By turns hilarious and heartfelt, dark and illuminative, Ben Marcus’s Leaving the Sea is a ground breaking collection of stories from one of the single most vital, extraordinary, and unique writers of his generation.
In the heartfelt “I Can Say Many Nice Things,” a washed-up writer toying with infidelity leads a creative writing workshop on board a cruise ship. In the dystopian “Rollingwood,” a divorced father struggles to take care of his ill infant, as his ex-wife and colleagues try to render him irrelevant. In “Watching Mysteries with My Mother,” a son meditates on his mother’s mortality, hoping to stave off her death for as long as he sits by her side. And in the title story, told in a single breathtaking sentence, we watch as the narrator’s marriage and his sanity unravel, drawing him to the brink of suicide. Surreal and tender, terrifying and life-affirming, Leaving the Sea is the work of an utterly unique writer at the height of his powers.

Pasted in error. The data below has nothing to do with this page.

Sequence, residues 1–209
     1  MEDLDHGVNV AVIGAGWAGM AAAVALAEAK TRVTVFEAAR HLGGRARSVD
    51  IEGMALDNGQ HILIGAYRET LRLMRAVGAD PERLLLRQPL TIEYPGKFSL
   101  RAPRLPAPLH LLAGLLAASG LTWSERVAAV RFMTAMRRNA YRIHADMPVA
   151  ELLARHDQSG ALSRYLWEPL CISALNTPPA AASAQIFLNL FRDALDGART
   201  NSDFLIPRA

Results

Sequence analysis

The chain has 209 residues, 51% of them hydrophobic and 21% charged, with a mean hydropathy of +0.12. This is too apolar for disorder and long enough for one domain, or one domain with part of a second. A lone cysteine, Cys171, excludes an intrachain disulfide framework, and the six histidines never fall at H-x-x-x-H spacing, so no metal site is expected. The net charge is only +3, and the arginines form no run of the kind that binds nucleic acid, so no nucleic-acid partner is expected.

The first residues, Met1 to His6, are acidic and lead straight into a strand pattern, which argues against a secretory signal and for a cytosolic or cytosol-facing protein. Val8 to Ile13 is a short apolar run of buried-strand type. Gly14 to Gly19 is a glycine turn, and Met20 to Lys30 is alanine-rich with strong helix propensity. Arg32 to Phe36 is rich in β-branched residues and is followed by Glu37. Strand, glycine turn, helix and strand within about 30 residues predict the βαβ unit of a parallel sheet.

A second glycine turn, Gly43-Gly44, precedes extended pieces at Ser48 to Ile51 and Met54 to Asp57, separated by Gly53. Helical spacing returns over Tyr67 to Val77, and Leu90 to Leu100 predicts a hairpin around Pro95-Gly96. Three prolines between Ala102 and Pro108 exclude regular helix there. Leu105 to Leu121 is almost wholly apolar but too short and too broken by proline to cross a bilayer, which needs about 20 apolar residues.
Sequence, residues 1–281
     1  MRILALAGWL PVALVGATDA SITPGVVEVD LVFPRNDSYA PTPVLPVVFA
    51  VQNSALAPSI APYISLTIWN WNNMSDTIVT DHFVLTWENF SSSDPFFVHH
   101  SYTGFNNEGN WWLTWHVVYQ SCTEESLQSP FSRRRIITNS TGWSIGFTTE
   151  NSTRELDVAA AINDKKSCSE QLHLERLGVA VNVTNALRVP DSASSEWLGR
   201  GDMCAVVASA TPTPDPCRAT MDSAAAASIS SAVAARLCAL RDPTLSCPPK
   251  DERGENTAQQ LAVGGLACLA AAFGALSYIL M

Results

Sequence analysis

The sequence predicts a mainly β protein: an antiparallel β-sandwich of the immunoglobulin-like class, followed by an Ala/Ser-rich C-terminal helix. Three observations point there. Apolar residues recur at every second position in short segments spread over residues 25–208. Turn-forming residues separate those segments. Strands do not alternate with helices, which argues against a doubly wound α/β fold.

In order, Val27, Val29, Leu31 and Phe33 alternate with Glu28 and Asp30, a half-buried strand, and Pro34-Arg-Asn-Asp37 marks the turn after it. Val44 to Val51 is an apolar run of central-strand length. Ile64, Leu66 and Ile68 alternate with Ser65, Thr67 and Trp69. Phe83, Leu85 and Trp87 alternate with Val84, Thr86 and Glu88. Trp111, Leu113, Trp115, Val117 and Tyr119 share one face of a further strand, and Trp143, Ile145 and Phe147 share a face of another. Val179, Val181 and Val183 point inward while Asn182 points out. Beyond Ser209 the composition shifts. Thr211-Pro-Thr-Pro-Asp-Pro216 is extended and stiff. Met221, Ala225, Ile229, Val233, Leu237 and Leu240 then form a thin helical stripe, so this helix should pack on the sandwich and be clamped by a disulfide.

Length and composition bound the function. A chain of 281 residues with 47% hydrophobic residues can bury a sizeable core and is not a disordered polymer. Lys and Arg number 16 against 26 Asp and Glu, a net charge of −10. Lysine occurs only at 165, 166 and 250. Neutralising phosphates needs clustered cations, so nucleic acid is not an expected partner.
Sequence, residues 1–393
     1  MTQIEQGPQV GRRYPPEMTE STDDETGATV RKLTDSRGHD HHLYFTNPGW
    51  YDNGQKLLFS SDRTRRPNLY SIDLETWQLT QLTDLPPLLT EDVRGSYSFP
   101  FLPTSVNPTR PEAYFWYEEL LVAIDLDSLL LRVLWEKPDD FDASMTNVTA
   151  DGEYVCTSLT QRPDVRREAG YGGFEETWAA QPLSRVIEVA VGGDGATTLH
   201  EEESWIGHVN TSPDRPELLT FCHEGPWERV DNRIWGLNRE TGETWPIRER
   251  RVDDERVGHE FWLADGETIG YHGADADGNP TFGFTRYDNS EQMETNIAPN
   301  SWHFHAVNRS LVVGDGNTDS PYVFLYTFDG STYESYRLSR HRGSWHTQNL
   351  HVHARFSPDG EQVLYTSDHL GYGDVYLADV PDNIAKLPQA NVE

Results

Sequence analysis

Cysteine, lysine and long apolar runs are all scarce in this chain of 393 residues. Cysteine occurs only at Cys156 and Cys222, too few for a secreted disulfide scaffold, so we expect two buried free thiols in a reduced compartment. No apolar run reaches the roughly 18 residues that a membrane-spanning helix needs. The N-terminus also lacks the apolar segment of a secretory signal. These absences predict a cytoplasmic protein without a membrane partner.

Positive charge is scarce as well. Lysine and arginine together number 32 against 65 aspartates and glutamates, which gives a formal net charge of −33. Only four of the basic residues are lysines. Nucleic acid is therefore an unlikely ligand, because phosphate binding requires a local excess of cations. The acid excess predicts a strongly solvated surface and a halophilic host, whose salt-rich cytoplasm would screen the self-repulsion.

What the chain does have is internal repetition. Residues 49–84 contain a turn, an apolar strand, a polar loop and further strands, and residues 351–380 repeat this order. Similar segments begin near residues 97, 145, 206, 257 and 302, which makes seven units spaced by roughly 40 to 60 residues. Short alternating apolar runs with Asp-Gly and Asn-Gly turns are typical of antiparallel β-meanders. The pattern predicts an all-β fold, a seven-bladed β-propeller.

The second collection from Marcus (The Flame Alphabet) is a peculiar, funny, original analysis of the human psyche and modern language. Split into six parts, the volume fluctuates between traditional narrative (the opener, "What Have You Done?," acts as a "stranger in a strange land" tale: a man reluctantly visits his family, only to learn his present self cannot erase memories of his younger, wilder past) and more experimental fare (the title story, for example, unspools in one breathless, exhilarating sentence). Communication is important to the author, and throughout, characters employ unusual linguistic skills, renaming common tasks (sex becomes "lust applications") and speaking about common phrases as if they are alien ("These changes in temperatures were called moods and they had interesting foreign names, but I no longer recall them," the narrator in "First Love" muses). The protagonists of most of the stories are men, and often their conflicts are flared by worried, overactive imaginations. "The Moors" plots the increasingly elaborate digressions of a man as he trails a coworker to an office coffee machine, spiraling a mundane experience into a psychological death march, while "Watching Mysteries with My Mother" and "The Loyalty Protocol" parse the responsibilities of caring for aging parents. A very strong collection.